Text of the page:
There is still more gold in our old mining town than has ever been mined. Before you grab your pickax, please know that the easy gold is gone. There are still surprises, but not usually without toil. Museum guests are fascinated by the prospect of finding gold and often ask me where it is. A seasoned miner would reply, "Gold is where you find it."
Americans tend to romance the Wild West. What did women see in miners who, unshaven and unwashed, often smelled like deadshot and skunk cabbage? Yet, unless the miner was perpetually soaked, he pursued gold with a vengeance.
The miner's equipment included a pick, shovel, knife, gun, rope, saw, axe, and wheelbarrow. The common method of panning did not typically create millionaires. The use of sieves, cradles and rockers, long toms, or a windlass were better options. Most lucrative were the stamp mills, hydraulics, or dredges.
Sam Brannan took a different approach. Around 1848, he capitalized on mining by becoming a major supplier of pans, picks, and shovels, making him California's first millionaire. He never touched gold mining, but he did find gold.
I love the miner's tenacity! If we treat each day like gold waiting to be mined, what will our lives look like? [Note: The grizzled miner look is optional.]
Alistair Begg's Truth for Life podcast recently included a sermon titled, "Celebrate Life!" It addressed those who postpone happiness while waiting for a more perfect day. Rose Tremain said, "Life is not a dress rehearsal." There is no time like now time!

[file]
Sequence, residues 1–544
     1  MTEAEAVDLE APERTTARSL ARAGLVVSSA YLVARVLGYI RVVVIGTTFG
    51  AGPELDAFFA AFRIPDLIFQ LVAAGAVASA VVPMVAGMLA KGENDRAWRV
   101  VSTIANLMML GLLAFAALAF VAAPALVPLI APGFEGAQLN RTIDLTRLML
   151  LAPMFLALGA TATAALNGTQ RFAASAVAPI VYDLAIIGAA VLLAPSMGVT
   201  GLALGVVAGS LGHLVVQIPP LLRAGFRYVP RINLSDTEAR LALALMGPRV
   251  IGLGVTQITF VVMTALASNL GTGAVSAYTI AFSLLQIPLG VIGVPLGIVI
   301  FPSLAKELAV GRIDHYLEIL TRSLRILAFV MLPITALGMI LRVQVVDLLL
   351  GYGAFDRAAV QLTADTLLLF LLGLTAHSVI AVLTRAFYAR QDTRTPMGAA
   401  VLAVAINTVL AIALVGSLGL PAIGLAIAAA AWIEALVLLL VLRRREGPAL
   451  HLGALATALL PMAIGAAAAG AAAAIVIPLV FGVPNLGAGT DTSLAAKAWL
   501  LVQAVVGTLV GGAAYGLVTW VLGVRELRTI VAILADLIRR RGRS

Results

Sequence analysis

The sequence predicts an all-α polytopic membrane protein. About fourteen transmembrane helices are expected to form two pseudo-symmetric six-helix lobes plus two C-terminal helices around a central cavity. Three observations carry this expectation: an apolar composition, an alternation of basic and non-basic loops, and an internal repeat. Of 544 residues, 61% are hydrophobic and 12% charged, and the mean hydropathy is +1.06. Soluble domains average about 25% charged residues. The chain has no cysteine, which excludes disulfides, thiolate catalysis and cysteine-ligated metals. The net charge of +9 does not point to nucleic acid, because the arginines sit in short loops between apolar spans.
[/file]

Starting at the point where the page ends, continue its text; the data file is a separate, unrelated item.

Curiosity is huge mining tool! Just today I followed David Rocco to the Amalfi coast via his "Limone" episode. A Taste of the Past made me understand why it took so long for Americans to embrace tuna. Cutting the Curd introduced me to cheese pioneer, Daphne Zepos, who recently passed away. I scored some crafting ideas on Pinterest. Phyllis Hoffman's Celebrate magazines (Autumn and Halloween) has inspired me to make "Death-By-Chocolate" dipped apples with tree-twigs; and "Wild Mushroom Soup." Oh, and the Thai Red Curry Mac 'N' Cheese recipe from The Perfect 3 sounds delectable.
Even the 144,000 Trinity Ridge Fire (13 miles away) has been an education. The fire crews, stationed at our airstrip, bring daily updates to our museum. From them, I have learned about convective winds. I am now aware of serotinous (meaning late opening) pine cones. Amazingly, these cones stay closed past their seed maturity and basically need fires to melt their resins, causing the seeds to explode and be projected up to a mile away. The seeds then root and reforest. God had it all planned out!
Opening our eyes each morning should involve way more than just waking up. Remember, gold is where you find it!